The deserted settlement of Voila occupies the north and west sides of the steep hill located on the eastern side of the Armenochantrades plateau. On the southeast side the settlement is protected by the steep cliff. In the north and western sides of the hill, the houses are built like fortifications, while a short wall is protecting the remaining perimeter towards the valley.
According to the evidence of recent excavations it would appear that the site of Hellenistic Sitia is situated at Tripitos, a small headland 3 kms east of Sitia and 15km west of Palekastro village.
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The first excavation in Kato Zakros was performed by the British D. Hogarth, in 1901. Then, the remains of a Minoan settlement came to the surface, indicating a flourished society. The most important of Hogarth's findings were the about 300 clay stamps on coins, indicating some sort of bureaucratic system of control or a number of commercial affairs.
At the beach of Palekastro, in the position of Russolakos, a great and big town of the Minoan period was excavated. It flourished during the post-Minoan period but some remains date back to the pre-Minoan period and the mid-Minoan period, mainly tombs with numerous bones very well preserved.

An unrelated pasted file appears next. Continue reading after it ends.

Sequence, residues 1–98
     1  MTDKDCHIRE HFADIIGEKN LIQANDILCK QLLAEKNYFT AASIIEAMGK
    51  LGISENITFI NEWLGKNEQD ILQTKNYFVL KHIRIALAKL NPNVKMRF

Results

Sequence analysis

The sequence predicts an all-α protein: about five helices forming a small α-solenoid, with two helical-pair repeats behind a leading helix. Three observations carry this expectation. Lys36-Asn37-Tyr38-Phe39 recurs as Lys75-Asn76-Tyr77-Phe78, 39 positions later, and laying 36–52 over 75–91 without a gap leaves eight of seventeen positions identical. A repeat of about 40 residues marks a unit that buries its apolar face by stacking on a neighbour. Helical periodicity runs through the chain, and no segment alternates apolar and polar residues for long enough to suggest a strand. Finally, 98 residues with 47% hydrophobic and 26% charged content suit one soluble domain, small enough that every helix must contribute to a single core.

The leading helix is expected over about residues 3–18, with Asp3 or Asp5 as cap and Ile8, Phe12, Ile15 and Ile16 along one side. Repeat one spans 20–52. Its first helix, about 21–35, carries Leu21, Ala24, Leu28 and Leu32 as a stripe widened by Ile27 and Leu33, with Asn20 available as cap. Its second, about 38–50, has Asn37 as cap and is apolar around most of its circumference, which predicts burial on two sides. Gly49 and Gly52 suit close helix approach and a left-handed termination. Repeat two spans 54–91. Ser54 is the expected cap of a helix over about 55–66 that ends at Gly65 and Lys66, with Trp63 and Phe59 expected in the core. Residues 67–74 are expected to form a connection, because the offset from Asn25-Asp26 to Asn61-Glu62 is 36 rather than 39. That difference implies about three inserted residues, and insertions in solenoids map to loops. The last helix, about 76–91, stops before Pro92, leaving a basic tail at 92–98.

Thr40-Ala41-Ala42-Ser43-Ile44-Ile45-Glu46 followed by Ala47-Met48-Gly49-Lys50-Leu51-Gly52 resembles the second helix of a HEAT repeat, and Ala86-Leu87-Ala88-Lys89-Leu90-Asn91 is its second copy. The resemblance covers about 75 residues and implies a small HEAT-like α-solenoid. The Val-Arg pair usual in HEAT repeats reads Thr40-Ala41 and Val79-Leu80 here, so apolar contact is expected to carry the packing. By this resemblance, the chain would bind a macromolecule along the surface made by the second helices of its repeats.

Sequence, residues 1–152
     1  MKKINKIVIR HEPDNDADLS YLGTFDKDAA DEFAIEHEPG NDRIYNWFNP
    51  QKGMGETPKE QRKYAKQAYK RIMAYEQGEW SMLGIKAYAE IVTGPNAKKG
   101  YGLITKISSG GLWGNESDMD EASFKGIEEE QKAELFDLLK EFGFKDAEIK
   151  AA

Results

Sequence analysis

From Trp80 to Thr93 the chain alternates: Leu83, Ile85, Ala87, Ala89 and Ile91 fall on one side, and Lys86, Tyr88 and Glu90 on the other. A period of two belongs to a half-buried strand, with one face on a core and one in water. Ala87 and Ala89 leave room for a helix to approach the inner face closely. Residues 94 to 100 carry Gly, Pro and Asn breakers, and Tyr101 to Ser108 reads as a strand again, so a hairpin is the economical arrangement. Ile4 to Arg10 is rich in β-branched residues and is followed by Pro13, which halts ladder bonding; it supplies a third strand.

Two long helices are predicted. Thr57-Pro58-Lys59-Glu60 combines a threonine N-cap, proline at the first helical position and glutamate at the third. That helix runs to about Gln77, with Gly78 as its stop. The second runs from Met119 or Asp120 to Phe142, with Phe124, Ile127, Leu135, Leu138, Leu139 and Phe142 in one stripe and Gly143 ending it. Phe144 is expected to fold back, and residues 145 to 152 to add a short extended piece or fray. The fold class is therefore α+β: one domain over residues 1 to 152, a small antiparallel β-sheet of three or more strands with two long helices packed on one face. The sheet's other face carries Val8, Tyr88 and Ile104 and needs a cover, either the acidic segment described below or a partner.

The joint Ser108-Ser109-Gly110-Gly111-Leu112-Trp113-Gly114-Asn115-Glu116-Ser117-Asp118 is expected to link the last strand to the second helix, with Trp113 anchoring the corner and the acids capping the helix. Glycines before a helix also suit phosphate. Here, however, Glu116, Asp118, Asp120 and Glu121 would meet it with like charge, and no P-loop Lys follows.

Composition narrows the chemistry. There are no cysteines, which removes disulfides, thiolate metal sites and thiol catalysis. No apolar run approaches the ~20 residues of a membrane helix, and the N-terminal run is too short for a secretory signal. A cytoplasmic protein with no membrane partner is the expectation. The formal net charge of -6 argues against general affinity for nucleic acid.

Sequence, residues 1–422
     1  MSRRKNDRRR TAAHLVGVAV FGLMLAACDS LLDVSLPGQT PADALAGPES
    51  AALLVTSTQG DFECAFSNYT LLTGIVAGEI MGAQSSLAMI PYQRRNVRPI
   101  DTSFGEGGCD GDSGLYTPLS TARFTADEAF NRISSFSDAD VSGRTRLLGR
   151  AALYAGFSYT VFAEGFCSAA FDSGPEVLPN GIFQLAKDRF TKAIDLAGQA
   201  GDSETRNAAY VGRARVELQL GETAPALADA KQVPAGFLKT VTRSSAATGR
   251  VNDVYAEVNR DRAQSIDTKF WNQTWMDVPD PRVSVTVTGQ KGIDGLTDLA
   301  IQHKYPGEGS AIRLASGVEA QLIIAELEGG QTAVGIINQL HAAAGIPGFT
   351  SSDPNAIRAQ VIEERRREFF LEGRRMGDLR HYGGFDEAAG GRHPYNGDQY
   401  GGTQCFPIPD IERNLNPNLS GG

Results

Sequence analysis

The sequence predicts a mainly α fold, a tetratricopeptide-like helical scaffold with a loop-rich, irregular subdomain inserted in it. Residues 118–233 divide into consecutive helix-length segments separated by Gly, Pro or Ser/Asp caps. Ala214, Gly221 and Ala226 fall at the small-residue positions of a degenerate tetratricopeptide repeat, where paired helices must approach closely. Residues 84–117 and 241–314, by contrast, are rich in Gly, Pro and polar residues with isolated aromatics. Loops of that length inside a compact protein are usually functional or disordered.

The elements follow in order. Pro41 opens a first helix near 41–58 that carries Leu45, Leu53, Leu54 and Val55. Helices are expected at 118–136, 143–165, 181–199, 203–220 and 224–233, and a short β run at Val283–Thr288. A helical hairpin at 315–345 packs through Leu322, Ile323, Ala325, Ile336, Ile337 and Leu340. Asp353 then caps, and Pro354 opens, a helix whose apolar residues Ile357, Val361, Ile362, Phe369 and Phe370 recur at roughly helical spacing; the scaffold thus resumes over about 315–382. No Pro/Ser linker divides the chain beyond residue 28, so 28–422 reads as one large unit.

The castle fortress known today as "Kazarma" (Casa di arma), is the most imposing historical monument in Sitia.
The Kazarma used to be a military and administrative centre which consisted of a Medieval dwelling surrounded by walls. The fortification of the town and of the Kazarma can be dated to the late Byzantine period.
Itanos had been one of the most important coastal cities of eastern Crete from the Minoan years until the first Christian era. Nowadays it is known under the name of Erimopolis. Its citizens were dominating throughout the coast of Sitia, from the Samonion cape (today cape Sidero (iron)) to the Erythreon cape (what is today called Goudoura) and the island of Lefki (Koufonisi).
Recent surface excavations have proven that the area has been populated since the prehistoric times and is of great archeological interest. In the site of Katsounakia a large Minoan settlement was found but has not been excavated yet. In the hill of Trachelas a sanctuary was also found but had already been desecrated.
Etia probably took its name from the tree Itea (willow) The village seems to have been populated since the Byzantine period as one can see from the remaining churches of Aghios-Ioannis and Aghia-Ekaterini. During the Venetian reign it was on of the largest villages of the area with 563 citizens.
Petra is a traditional settlement, 1 km east of Sitia. A small tower from the Venetian period can be found there. It bears the name "house of Kornaros" and belonged to the homonym family. On the hill over the tower, a small palace and a settlement have been brought to light by recent excavations. The rooms of the palace were luxuriously adorned and its walls painted with bright colours.
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